Abstract

Huntington's disease is a fatal neurodegenerative disorder caused by an expanded polyglutamine repeat in huntingtin (HTT) protein. We previously showed that calorie restriction ameliorated Huntington's disease pathogenesis and slowed disease progression in mice that model Huntington's disease (Huntington's disease mice)1. We now report that overexpression of sirtuin 1 (Sirt1), a mediator of the beneficial metabolic effects of calorie restriction, protects neurons against mutant HTT toxicity, whereas reduction of Sirt1 exacerbates mutant HTT toxicity. Overexpression of Sirt1 improves motor function, reduces brain atrophy and attenuates mutant-HTT–mediated metabolic abnormalities in Huntington's disease mice. Further mechanistic studies suggested that Sirt1 prevents the mutant-HTT–induced decline in brain-derived neurotrophic factor (BDNF) concentrations and the signaling of its receptor, TrkB, and restores dopamine- and cAMP-regulated phosphoprotein, 32 kDa (DARPP32) concentrations in the striatum. Sirt1 deacetylase activity is required for Sirt1-mediated neuroprotection in Huntington's disease cell models. Notably, we show that mutant HTT interacts with Sirt1 and inhibits Sirt1 deacetylase activity, which results in hyperacetylation of Sirt1 substrates such as forkhead box O3A (Foxo3a), thereby inhibiting its pro-survival function. Overexpression of Sirt1 counteracts the mutant-HTT–induced deacetylase deficit, enhances the deacetylation of Foxo3a and facilitates cell survival. These findings show a neuroprotective role for Sirt1 in mammalian Huntington's disease models and open new avenues for the development of neuroprotective strategies in Huntington's disease.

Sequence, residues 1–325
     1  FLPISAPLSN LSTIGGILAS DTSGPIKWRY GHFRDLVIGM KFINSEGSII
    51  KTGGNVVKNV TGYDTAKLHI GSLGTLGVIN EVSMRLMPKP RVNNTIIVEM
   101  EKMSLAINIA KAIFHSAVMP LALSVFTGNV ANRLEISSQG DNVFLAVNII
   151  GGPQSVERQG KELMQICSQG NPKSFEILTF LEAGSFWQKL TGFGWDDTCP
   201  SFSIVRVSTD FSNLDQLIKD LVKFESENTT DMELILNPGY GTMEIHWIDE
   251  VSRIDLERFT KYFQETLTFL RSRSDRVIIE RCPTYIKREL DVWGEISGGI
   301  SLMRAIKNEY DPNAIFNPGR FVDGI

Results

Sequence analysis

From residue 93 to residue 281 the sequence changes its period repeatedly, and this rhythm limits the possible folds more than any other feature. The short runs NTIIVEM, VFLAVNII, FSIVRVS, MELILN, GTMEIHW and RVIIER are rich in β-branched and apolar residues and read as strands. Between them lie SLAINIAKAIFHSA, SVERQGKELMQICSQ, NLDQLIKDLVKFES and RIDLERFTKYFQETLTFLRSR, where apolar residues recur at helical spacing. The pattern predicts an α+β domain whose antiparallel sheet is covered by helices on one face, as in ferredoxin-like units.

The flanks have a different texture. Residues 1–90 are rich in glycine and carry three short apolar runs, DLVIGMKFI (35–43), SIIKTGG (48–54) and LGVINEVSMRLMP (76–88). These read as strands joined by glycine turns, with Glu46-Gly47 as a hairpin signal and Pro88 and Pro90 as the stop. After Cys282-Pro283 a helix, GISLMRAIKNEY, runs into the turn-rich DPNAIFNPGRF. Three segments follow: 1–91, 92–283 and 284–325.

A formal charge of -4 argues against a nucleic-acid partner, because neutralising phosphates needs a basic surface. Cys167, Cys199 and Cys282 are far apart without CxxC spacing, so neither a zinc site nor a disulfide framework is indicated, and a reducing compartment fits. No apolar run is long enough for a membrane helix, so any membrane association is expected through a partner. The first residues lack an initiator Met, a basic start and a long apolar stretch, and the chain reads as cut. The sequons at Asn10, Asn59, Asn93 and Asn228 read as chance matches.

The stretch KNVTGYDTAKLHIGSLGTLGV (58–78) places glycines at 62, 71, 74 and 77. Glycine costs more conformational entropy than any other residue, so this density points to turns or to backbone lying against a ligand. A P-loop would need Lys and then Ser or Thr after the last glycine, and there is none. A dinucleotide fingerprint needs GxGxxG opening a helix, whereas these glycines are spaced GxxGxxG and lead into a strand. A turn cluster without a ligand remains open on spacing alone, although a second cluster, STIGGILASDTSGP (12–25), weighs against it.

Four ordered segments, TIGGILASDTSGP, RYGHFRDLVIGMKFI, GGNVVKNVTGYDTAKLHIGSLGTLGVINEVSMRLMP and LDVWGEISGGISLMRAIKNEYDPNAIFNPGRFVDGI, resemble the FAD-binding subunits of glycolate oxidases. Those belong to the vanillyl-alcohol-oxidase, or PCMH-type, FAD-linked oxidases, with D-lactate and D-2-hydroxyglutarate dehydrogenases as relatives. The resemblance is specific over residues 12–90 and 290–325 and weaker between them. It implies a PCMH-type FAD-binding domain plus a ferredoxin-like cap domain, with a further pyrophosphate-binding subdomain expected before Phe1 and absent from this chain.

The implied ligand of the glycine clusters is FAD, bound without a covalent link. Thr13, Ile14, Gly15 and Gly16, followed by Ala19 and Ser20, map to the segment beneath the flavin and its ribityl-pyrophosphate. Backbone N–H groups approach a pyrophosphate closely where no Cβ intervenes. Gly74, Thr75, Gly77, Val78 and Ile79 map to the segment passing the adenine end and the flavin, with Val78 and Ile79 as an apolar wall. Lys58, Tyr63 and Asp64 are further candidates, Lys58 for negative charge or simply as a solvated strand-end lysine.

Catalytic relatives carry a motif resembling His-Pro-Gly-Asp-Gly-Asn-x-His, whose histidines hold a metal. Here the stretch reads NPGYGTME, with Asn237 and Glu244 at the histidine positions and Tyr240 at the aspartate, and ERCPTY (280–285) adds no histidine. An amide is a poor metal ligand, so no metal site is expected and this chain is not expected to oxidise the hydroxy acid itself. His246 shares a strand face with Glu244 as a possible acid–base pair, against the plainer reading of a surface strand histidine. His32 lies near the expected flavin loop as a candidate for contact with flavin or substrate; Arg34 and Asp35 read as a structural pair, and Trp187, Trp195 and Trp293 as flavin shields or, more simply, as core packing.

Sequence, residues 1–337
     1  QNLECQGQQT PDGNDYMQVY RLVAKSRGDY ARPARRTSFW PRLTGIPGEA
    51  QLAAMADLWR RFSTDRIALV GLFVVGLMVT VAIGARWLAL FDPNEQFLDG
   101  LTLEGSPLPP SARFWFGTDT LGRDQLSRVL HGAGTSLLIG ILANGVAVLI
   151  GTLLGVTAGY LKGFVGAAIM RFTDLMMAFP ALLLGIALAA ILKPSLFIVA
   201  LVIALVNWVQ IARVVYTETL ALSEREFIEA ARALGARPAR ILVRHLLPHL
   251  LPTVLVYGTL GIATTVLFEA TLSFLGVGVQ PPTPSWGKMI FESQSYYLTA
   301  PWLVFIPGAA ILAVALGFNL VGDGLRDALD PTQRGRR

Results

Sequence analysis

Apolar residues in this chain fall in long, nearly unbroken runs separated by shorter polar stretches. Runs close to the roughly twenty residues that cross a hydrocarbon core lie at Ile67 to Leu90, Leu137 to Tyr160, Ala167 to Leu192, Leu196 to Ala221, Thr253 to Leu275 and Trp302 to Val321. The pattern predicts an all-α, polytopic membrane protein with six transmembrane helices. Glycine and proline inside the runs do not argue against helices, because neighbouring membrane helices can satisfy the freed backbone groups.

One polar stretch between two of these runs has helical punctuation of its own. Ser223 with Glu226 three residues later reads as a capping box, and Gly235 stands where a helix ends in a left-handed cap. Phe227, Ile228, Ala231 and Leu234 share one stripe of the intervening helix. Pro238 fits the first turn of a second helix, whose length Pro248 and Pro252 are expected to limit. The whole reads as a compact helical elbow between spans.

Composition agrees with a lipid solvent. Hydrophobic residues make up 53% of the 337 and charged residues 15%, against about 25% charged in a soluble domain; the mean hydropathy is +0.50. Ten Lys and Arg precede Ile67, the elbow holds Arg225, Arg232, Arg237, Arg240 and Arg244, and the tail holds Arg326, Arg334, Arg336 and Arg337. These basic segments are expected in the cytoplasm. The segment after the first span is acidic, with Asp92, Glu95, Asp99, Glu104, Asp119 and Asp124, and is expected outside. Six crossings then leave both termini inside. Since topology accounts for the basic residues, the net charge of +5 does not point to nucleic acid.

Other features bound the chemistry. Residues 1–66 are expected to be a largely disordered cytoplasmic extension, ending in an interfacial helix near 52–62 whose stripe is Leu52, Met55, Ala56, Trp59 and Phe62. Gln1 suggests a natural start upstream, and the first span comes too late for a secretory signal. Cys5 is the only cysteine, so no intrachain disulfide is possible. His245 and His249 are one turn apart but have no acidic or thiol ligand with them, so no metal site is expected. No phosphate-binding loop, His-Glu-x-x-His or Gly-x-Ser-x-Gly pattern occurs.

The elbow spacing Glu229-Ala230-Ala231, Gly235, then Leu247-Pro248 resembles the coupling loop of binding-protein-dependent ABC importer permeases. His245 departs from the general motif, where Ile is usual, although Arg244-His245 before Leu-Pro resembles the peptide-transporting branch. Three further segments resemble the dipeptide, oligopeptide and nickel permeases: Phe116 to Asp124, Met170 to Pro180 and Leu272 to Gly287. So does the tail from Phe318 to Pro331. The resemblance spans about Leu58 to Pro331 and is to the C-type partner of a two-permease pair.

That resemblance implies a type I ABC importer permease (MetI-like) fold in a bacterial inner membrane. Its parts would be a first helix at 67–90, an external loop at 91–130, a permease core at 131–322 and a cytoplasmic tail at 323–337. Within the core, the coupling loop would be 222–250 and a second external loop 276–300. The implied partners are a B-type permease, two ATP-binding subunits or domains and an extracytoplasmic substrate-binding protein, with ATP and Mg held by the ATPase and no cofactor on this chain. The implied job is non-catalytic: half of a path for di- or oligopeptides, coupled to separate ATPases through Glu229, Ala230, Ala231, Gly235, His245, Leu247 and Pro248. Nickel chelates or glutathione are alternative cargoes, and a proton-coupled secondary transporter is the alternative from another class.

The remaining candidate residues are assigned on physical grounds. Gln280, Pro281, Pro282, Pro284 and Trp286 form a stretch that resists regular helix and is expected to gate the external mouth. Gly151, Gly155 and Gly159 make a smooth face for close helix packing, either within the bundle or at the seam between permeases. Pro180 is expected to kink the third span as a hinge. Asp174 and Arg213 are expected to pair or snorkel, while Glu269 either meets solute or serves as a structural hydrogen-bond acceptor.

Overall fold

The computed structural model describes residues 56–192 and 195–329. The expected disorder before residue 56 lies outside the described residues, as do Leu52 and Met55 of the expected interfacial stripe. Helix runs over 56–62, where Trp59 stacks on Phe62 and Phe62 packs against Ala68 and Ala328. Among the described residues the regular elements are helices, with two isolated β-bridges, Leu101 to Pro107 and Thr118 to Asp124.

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Acknowledgements

We thank L. Tsai at Massachusetts Institute of Technology for providing Sirt1 and H363Y retrovirus constructs, S. Imai at Washington University for providing Sir2 complementary DNAs (cDNAs), M. Macdonald at Harvard Medical School for providing STHdhQ7/Q7 and STHdhQ111/Q111 cells, S. Li and X. Li at Emory University for providing antibodies to EM48 and E. Waldron, C. Berlinicke, Y. Cheng and J. Jin at Johns Hopkins University School of Medicine for their technical assistance. This work was supported by the Hereditary Disease Foundation (W.D.), CHDI Foundation grant A-2120 (W.D.), NIH grant NS 16375 (C.A.R.), NIH grant NS35902 (D.M.H.), the NIA Intramural Research Program (B.M., H.C., S. Maudesley and M.P.M.), NIH grant R01NS051303 (D.K.), NIH grant EB003543 and ES012665 (S. Mori) and NIH grant NS065306 (J.Z.).